The UMP has a serious problem on its hands: What to do about the second round of the District 4 by-election in the Doubs, in which the UMP candidate has been eliminated, leaving the PS to face the FN alone? Sarkozy for once retracted his jutting jaw and went all soft in the knees: No to the FN, but after that you're on your own. Juppé, seeing an opportunity to shore up his position as the "centrist" alternative to Sarko, stood droit dans ses bottes and proclaimed forthrightly that if he had a vote in the Doubs, he'd vote for the Socialist to bar the FN's way. Staunch resolution--except in the past he'd made the opposite choice. When this was pointed out on France2 news last night, Juppé was undaunted: the facts have changed, he said, the FN is much stronger now than it used to be. In other words, in the past he had to demonstrate his steadfast opposition to "socialo-commmunism," but now he needed to bolster his anti-racist credentials (he didn't fail to point out that the FN candidate had declared her belief in the supposedly self-evident fact that some races are superior to others).

There is a certain comic element to this ballet of pre-positioning, in that in this day and age of course the whole concept of "republican discipline" is a bit passé. Party loyalty is weak, voters do not depend on their party stalwarts for their information, and most will have their own preferences between the FN, the PS, and abstention and will make up their own minds accordingly. But la consigne de vote is one of the great rituals of French politics, almost as silly as the "endorsements" by defeated candidates in US presidential primaries, so it goes on year after year, a great tradition, as gullet-warming as a good pot au feu.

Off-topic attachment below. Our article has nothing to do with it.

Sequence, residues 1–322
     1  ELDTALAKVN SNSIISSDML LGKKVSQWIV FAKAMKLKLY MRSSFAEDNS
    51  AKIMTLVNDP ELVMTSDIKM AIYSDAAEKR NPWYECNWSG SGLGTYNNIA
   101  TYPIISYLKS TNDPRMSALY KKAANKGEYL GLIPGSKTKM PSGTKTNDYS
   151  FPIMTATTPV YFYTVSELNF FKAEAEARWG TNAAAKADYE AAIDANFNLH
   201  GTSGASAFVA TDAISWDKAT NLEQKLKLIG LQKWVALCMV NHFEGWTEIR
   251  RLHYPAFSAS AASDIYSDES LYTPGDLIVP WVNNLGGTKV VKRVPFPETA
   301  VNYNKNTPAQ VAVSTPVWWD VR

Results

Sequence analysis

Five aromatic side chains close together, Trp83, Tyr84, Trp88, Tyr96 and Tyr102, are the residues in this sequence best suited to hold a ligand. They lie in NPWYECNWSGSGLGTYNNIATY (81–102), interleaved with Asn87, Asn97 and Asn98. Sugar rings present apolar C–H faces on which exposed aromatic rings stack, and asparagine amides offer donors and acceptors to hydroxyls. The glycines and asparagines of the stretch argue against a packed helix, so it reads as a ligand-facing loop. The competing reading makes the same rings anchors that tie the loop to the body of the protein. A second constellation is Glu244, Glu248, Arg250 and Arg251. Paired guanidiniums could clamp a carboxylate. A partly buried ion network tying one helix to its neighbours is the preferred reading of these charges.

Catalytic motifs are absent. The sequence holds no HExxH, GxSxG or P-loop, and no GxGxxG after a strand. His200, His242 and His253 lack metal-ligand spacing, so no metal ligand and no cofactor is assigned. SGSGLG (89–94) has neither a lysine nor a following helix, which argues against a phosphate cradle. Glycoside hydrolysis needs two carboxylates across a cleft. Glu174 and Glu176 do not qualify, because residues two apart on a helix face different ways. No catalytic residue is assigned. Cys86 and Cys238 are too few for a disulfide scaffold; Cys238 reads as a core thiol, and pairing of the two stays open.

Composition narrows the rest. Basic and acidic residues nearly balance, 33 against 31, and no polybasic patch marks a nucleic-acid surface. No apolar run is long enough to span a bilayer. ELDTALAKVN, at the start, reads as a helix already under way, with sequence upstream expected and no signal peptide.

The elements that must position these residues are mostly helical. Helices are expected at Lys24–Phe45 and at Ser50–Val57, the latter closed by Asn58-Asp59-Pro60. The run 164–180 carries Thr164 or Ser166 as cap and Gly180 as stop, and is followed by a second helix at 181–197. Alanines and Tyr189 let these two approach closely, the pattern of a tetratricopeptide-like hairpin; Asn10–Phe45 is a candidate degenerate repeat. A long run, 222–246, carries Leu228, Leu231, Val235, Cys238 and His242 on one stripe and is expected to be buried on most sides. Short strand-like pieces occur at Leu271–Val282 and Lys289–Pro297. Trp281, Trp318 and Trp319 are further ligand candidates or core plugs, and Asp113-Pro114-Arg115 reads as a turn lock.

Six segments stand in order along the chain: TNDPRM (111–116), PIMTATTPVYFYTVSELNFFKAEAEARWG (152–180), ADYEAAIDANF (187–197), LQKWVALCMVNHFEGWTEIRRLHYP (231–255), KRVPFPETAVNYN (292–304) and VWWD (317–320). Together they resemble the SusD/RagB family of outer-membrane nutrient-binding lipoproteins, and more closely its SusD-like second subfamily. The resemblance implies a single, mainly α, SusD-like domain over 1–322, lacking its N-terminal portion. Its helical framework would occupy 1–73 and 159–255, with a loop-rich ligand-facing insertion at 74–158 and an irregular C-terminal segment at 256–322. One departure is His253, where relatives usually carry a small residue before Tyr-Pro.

Monday, February 2, 2015

Deep Doubs Do

Yesterday's by-election in the Doubs is yet another demonstration of the crumbling of France's party system. The FN candidate, Sophie Montel, came in first with 32.6% of the vote. The PS candidate, Frédéric Barbier, narrowly avoided elimination with 28.6% of the vote, just ahead of a lackluster UMP rival. The UMP is split about what to advise voters in the second round: Nicolas Sarkozy is refusing to join a "republican front" and is sticking to a "ni-ni" position, supporting neither candidate, while others in the party are calling on voters to block the election of a third FN deputy.